Secondly, they need to be willing to listen, really listen, to employee concerns.  Allowing time for consistent, face-to-face meetings with your staff, to promote the free exchange of feedback and ideas, can have a marked impact on talent retention.  This should therefore be considered with the utmost importance. 

5. Set Clear Expectations and Goals

Setting goals, and ensuring that your employees know what is expected of them, has been shown to promote greater staff retention.  Paint a picture for your top earners, one which shows what success in the company looks like.  Tailor goals specific to their level of skill and experience, so that they continually have realistic targets to strive towards. Ensure that your employees share your future vision for the company.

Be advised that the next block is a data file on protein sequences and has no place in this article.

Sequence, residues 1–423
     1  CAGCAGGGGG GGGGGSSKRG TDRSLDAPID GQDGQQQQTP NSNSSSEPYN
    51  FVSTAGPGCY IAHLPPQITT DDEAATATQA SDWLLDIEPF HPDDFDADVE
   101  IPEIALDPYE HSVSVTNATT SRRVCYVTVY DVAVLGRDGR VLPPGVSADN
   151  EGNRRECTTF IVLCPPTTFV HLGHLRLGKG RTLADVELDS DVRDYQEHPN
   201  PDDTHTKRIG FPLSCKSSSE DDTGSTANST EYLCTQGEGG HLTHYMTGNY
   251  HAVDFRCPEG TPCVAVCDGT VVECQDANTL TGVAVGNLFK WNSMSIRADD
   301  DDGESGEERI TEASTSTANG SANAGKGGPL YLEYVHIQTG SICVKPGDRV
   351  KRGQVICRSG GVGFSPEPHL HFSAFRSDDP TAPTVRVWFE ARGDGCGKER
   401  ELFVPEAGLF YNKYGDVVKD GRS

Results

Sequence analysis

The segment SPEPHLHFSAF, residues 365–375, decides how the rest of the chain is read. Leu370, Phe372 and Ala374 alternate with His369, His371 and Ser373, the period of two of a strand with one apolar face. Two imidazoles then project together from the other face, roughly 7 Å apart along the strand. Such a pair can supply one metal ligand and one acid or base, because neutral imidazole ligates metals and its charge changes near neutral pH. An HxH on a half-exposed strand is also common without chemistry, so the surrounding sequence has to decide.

6. Link Work to Company Vision

Employees want to feel that what they do is making a difference, be that to the company itself, or to the industry as a whole.  In fact, recent findings suggest that over 40% of employees consider ‘meaningful work’ to be the primary motivator for them considering taking a job.  Your top talent need to know why they are doing the things they’re doing. By linking their roles and responsibilities with the overarching aims of the company, managers can set themselves apart from the competition, and promote greater company engagement amongst top operators.

These HR solutions are simple and easy to implement. Nonetheless they can play a pivotal role in retaining your top talent, ensuring the long-term profitability of your company.  After all, in the words of American business consultant Jim Collins, ‘great vision, without great people, is irrelevant’.